In recent months, we have seen a rise in matters involving identity theft. Identity theft is an indictable offence that is punishable by more than 12 months’ imprisonment. For a Commonwealth identity crime offence, someone only needs to intend to pass themselves off as another person, regardless of whether they actually do or not.
Not only is this a serious crime for those who perpetrate the offence, it can also be a very stressful and overwhelming time in someone’s life that is the victim of identity theft.
Examples of victims of identity theft are when your birth certificate is used by someone else to falsely claim a payment from Centrelink in your name or a person pretended to be you by using your identification details. This could be used to set up bank accounts intended to be used for fraudulent purposes in your name, using or obtaining credit cards in your name or, in this modern era, creating ‘after pay’ service accounts in your name.
Victims of identity theft are not often aware that they are a victim until they start receiving bank account statements that have not been created by them, letters of demand for debts that they have not incurred, or other documents setting out circumstances or situations that do not involve the victim and that the victim is unaware of.
If you have been a victim of identity theft, you should report the matter to the Police and obtain an event number. If the police are unwilling to assist in the matter, submit a report with the Australia Cyber Security Centre HERE. If legal demands are being made to you, you should obtain legal advice in relation to appropriately responding to the demands made on you.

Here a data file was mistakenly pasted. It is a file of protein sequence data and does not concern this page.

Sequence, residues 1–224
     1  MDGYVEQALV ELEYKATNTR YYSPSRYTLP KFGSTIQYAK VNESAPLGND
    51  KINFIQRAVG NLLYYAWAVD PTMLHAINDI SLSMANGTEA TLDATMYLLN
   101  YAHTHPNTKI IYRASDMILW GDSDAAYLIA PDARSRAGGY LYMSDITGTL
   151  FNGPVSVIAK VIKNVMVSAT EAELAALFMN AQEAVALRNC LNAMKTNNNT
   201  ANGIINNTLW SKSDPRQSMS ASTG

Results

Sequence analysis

If you are able to determine what identity document the perpetrator is using to pass off as you, for example your driver’s licence number, you might want to consider requesting to change your licence number with your relevant Roads Authority.
To change identity details, you might be required to provide, and would be able to apply for, a Commonwealth Victim’s Certificate.
A Commonwealth Victim’s Certificate may be provided to a victim of identity theft by a state or territory magistrate. The Certificate records the name of the victim and describes the circumstances in which the person has been a victim of identity theft.
Once a Certificate is issued, you may provide the certificate to organisations or businesses to support your claim that you have been the victim of identity theft and this may also help you to negotiate, re-establish your credentials or remove fraudulent transactions from your record.
Whilst the Certificate does not compel businesses or organisations to take any particular action, and cannot be used in any legal proceedings, it does help you to rebuild rapport with the business or agencies that you are experiencing trouble with and can help support your version of events with those respective agencies and businesses.
If you have been a victim of identity theft and need or want to obtain a Commonwealth Victims’ Certificate, please do not hesitate to reach out to our team to determine how we might best be able to assist you.